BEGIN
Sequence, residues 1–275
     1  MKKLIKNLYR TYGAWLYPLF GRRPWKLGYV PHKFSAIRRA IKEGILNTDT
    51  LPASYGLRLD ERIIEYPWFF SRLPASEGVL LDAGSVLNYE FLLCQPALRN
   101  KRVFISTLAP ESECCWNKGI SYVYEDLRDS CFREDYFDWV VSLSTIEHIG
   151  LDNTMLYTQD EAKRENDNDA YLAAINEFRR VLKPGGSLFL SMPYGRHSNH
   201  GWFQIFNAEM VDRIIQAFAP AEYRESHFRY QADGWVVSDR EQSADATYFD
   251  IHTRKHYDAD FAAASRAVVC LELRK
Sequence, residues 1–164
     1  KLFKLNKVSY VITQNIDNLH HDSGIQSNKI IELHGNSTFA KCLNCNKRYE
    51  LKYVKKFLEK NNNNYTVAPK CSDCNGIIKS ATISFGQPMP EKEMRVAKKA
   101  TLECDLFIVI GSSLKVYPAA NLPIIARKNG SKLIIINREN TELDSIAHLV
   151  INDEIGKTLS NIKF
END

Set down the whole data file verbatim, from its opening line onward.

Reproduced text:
Sequence, residues 1–275
     1  MKKLIKNLYR TYGAWLYPLF GRRPWKLGYV PHKFSAIRRA IKEGILNTDT
    51  LPASYGLRLD ERIIEYPWFF SRLPASEGVL LDAGSVLNYE FLLCQPALRN
   101  KRVFISTLAP ESECCWNKGI SYVYEDLRDS CFREDYFDWV VSLSTIEHIG
   151  LDNTMLYTQD EAKRENDNDA YLAAINEFRR VLKPGGSLFL SMPYGRHSNH
   201  GWFQIFNAEM VDRIIQAFAP AEYRESHFRY QADGWVVSDR EQSADATYFD
   251  IHTRKHYDAD FAAASRAVVC LELRK
Sequence, residues 1–164
     1  KLFKLNKVSY VITQNIDNLH HDSGIQSNKI IELHGNSTFA KCLNCNKRYE
    51  LKYVKKFLEK NNNNYTVAPK CSDCNGIIKS ATISFGQPMP EKEMRVAKKA
   101  TLECDLFIVI GSSLKVYPAA NLPIIARKNG SKLIIINREN TELDSIAHLV
   151  INDEIGKTLS NIKF